KEY BISCAYNE, FLA. — Roger Federer kept waving in apology, twice after he dribbled winners off the net cord and once when he slammed a volley that nearly knocked his opponent down.
Afterward Federer praised 19-year-old American qualifier Frances Tiafoe, a Riverdale resident who acquitted himself well before a near-capacity stadium crowd at the Miami Open. But there are limits to Federer's politeness, and he beat Tiafoe, 7-6 (2), 6-3, on Saturday.
Returning to the tournament after a two-year absence, Federer took the lead with a flawless tiebreaker and gradually pulled away from Tiafoe.
"I think he's going to be really good," Federer said. "He's got big shots, and I like his mindset. That goes a long way."
Federer, 35, wins raves these days for his recent resurgence, and he is hoping it extends to his first title at Key Biscayne in 11 years. Tiafoe is touted for his potential to improve the bleak American tennis landscape.
Facing a top-10 player for the first time, Tiafoe forced Federer to play well to win.
"He stayed with me for a very long time," Federer said. "That can make you nervous if I wouldn't have been so confident. So I thought it was an enjoyable match. I thought we both played very well, and both can maybe walk away from this match quite happy, which is not often the case in tennis."
Tiafoe smiled when he told of Federer's assessment.
"One is more happy than the other," he said with a smile. "Nah, I'm definitely happy. We both played pretty well. It was good tennis."
Tiafoe, a Maryland native ranked No. 101, did almost nothing wrong in the first set. He committed just one unforced error in the tiebreaker, netting a backhand to end the longest rally of the match, but Federer took advantage of the small opening.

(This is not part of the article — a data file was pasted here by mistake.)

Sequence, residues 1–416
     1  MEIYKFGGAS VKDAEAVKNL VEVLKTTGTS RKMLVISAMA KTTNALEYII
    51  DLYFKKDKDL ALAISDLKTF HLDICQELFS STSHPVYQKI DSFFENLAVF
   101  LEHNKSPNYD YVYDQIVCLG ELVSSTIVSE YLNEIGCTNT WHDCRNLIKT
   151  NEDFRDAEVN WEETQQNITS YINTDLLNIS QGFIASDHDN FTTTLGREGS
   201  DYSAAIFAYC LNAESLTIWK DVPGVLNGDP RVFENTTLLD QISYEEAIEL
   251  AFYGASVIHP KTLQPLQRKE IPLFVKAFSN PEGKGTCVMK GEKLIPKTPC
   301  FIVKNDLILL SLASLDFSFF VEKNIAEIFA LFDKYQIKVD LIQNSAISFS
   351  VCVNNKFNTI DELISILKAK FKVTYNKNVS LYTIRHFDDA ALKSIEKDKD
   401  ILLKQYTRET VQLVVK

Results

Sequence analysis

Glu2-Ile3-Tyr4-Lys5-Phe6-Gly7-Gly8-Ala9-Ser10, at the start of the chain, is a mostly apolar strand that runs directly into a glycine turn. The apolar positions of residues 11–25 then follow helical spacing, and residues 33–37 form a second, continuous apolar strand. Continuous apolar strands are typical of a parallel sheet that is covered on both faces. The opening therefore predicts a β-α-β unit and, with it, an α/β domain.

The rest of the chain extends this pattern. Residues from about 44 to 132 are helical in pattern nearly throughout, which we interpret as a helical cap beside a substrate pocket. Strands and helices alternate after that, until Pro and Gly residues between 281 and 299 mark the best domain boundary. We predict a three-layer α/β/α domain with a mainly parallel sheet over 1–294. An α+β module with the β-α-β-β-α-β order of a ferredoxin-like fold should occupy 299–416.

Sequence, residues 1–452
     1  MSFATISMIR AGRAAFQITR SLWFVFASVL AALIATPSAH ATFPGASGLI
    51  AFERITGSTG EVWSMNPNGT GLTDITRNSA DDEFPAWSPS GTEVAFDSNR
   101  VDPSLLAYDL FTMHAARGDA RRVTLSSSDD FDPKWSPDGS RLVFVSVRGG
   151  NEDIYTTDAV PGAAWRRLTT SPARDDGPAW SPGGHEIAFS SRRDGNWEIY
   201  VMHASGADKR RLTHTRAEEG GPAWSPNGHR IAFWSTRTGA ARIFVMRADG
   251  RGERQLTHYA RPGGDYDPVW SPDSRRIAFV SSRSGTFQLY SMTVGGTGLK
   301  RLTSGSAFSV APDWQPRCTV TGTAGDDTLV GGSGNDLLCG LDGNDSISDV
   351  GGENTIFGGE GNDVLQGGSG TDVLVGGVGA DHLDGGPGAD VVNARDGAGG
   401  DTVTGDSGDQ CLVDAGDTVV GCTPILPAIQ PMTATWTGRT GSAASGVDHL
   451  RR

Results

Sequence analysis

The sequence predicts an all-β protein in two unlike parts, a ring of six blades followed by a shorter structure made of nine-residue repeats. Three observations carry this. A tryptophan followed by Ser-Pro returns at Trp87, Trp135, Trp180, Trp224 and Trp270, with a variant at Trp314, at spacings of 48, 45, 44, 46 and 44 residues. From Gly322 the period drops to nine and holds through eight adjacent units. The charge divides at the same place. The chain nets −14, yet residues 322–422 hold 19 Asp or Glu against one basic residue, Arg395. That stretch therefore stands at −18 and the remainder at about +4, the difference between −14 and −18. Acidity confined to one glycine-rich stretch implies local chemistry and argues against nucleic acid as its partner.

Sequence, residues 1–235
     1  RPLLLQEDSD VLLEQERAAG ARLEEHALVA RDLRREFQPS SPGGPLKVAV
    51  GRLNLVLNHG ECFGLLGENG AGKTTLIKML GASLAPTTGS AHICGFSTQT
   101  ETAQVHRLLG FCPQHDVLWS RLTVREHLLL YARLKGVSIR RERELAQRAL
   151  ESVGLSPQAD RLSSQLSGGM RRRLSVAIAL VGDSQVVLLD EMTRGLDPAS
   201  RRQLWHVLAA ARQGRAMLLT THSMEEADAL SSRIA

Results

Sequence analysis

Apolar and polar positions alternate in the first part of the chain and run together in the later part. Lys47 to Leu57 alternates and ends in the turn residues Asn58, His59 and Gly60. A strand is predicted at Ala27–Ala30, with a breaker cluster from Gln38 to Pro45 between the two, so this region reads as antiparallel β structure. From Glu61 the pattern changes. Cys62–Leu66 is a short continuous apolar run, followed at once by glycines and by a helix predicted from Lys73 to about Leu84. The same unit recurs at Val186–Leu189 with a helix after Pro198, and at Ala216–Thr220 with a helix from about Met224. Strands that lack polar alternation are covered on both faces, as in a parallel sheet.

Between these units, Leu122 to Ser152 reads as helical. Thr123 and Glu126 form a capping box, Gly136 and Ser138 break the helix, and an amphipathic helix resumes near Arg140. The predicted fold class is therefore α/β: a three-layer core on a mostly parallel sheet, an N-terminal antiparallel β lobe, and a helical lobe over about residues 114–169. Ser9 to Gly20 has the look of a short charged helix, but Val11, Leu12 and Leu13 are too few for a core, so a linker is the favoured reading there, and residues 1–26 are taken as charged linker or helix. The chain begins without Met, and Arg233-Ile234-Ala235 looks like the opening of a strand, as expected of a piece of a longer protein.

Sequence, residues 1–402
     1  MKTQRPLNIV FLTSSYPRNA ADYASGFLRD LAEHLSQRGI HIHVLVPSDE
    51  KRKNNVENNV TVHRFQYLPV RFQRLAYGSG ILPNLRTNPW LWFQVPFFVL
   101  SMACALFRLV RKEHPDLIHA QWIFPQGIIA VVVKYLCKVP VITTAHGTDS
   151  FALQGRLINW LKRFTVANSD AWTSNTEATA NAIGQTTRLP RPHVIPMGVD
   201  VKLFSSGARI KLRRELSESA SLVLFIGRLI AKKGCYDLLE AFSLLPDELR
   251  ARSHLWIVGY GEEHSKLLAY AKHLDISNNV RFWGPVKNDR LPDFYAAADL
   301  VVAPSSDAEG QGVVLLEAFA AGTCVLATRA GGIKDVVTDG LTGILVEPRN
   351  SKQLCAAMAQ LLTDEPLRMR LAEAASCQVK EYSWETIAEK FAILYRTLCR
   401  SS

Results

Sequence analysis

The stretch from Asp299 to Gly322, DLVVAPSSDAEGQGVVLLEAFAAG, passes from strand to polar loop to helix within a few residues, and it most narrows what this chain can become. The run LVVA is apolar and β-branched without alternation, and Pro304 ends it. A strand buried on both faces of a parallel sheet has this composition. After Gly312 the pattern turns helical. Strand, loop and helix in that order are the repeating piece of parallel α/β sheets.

"He was rock solid," Tiafoe said. "He didn't give me anything."
Federer is 14-1 in 2017, including his 18th Grand Slam championship at the Australian Open and a title at Indian Wells last week. His potential path at Key Biscayne is made easier by the absences of six-time champion Novak Djokovic and two-time champion Andy Murray, both sidelined by elbow injuries.
Perhaps the biggest obstacle will be fellow Swiss Stan Wawrinka, seeded No. 1 in an ATP Masters 1000 tournament for the first time. Wawrinka dominated with his serve to win his opening match against Horacio Zeballos, 6-3, 6-4.
Americans John Isner and Sam Querrey won in straight sets, as did 19-year-old German Alexander Zverev.
In women's play, No. 6-seeded Garbine Muguruza rallied past No. 30 Zhang Shuai, 4-6, 6-2, 6-2. American Bethanie Mattek-Sands eliminated No. 17 Anastasia Pavlyuchenkova, 4-6, 6-0, 6-3.
Federer's only wobble came when he was broken in the opening game of the second set. He lost just seven points in his 10 other service games and whacked a service winner on match point, then met Tiafoe at the net for a warm exchange.
"It was an honor playing you," Tiafoe said. "I hope we can play again, hopefully not so early in the tournament."
Federer smiled politely.